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Snakebites & Peacemaking

An American church finds there’s power in suffering in solidarity.
 
Joe Johns could never have guessed that a painful snakebite would help him connect with a group of Congolese pastors. But as the American pastor led a peace building session in war-torn Congo – his snakebite-swollen foot raised on a chair – the Congolese pastors listened with gripped attention.

World Relief Recent Stories - Snakebites and Peacemaking
 
“Because I was suffering, they felt this must be a very important message,” explains Pastor Johns, Missional Living Director at Fellowship Missionary Church (FMC) in Fort Wayne, Indiana.
 
Since FMC joined World Relief’s grassroots peace building mission in the Congo in 2006, teams from the American church have helped launch a network of Village Peace Committees, training local church leaders, including women and youth, to practice unity and teach their people to resolve conflict without violence.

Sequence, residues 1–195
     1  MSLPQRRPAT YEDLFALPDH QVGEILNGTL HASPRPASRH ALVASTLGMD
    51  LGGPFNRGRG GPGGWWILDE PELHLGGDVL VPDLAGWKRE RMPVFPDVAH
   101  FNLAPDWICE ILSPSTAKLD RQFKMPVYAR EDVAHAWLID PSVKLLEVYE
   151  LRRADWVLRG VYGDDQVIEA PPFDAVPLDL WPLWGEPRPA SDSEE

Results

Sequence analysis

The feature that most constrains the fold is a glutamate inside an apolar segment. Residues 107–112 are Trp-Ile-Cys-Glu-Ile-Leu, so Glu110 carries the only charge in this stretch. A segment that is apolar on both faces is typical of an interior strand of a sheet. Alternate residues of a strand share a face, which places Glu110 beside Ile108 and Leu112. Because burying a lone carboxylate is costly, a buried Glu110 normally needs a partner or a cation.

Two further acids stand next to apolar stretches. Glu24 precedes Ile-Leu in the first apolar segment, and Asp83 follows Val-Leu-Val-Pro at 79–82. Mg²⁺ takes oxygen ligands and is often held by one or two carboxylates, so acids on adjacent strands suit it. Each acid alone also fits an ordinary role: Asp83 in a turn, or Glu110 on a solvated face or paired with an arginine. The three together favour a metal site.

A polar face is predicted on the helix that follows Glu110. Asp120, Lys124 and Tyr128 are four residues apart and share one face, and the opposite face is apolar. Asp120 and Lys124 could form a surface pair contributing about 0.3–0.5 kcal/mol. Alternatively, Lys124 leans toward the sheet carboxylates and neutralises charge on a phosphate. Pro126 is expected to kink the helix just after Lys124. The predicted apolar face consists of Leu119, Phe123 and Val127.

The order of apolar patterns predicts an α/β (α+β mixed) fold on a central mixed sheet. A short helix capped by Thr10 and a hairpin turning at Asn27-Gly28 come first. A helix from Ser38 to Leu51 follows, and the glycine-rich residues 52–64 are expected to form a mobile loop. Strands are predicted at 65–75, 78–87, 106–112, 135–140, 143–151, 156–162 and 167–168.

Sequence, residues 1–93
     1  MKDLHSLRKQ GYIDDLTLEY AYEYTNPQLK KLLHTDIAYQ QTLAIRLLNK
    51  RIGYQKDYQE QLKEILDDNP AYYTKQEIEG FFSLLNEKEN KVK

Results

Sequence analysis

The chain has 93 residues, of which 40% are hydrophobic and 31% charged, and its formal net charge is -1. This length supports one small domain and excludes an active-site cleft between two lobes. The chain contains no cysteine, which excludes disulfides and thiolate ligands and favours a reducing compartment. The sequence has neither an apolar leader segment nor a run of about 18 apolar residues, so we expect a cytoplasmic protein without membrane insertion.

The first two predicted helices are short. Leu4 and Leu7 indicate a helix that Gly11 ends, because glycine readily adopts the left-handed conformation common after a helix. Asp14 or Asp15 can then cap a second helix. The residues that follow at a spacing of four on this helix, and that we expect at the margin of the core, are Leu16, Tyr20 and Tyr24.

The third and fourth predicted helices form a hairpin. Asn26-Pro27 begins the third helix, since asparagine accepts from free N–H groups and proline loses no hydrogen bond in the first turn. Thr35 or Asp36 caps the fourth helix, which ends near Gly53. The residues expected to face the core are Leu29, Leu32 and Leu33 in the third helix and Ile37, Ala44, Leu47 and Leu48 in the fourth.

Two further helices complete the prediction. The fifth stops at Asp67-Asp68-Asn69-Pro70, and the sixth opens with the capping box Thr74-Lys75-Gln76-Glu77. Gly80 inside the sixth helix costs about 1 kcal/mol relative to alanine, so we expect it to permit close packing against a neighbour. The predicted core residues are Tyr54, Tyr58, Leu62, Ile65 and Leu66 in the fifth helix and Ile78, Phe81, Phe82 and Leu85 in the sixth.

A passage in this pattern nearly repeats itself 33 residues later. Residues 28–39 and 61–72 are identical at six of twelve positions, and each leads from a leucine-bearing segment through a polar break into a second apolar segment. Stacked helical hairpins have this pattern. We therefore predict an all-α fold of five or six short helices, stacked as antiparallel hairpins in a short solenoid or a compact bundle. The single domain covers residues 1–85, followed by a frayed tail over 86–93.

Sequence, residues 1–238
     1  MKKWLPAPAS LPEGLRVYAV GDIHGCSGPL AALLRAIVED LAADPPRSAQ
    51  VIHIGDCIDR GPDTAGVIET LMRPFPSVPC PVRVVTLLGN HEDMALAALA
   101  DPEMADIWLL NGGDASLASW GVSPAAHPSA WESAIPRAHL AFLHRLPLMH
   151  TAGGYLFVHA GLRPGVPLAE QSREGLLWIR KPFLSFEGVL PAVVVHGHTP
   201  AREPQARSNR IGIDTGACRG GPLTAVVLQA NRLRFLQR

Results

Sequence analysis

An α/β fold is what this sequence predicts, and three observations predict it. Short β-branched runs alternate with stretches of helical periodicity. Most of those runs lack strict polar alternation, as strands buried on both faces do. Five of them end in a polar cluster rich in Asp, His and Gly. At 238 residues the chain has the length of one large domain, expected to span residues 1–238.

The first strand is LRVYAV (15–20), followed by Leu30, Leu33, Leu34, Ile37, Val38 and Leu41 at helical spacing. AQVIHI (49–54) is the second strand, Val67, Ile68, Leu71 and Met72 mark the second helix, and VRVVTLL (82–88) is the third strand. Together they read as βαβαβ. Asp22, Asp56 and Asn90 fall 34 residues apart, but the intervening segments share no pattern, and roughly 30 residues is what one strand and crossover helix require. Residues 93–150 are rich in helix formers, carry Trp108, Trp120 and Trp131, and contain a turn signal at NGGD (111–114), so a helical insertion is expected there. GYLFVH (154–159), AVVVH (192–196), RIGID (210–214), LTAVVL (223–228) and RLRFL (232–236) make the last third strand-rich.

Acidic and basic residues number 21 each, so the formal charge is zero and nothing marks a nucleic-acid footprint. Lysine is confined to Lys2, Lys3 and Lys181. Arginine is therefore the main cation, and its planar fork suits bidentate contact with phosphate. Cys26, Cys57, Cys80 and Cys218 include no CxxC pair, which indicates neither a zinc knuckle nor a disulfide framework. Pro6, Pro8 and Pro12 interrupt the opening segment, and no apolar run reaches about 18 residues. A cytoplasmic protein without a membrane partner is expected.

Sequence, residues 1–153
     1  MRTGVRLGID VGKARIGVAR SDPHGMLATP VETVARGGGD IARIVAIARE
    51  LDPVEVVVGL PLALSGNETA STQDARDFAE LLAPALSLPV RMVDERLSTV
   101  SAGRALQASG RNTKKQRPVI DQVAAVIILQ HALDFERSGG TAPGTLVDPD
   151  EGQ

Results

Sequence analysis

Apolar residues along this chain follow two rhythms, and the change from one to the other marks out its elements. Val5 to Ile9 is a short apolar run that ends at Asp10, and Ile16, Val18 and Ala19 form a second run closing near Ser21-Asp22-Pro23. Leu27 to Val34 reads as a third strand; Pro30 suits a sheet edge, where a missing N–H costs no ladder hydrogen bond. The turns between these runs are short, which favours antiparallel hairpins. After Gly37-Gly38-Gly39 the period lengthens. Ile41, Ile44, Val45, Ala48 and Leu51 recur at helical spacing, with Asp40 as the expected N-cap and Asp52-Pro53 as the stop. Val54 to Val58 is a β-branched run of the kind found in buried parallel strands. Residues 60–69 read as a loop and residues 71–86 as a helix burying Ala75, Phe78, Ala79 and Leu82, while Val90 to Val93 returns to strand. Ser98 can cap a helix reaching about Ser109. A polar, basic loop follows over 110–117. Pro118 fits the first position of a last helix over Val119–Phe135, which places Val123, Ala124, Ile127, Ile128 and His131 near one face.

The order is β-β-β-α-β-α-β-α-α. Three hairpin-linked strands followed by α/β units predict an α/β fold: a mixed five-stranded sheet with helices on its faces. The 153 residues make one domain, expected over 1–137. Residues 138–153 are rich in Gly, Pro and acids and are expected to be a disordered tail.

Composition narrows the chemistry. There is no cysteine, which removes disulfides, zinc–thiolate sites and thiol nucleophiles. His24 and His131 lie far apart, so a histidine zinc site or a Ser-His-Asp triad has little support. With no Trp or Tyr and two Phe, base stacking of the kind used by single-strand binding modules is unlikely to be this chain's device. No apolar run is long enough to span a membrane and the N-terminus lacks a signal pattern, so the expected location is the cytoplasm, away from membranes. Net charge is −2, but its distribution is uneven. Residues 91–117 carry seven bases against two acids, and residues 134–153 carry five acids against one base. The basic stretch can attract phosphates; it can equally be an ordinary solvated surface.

Phenomenal Impact
 
In the three pilot program areas, peace has replaced bloody tribal conflict that’s raged for years. “No one refers to the Village Peace Committees as ‘World Relief’s’,” Pastor Johns says. “The local people have assumed ownership… men and women, young and old, all elected from different tribes to work together for peace.”
 
Years of hatred and conflict sapped the confidence of local pastors, but Pastor Johns and his team assured them that the Congolese Church has a prophetic voice to establish peace and reveal God’s Kingdom in their communities devastated by bloodshed and atrocities.
 
FMC members have learned there’s power in suffering in solidarity with others. “It’s like a marriage relationship – there are problems to resolve and wonderful blessings.”
 
Back home in Fort Wayne, FMC is energized by the partnership with World Relief and churches in the Congo, which is now strengthening the church’s bond with Congolese refugees who’ve resettled in their community.

 

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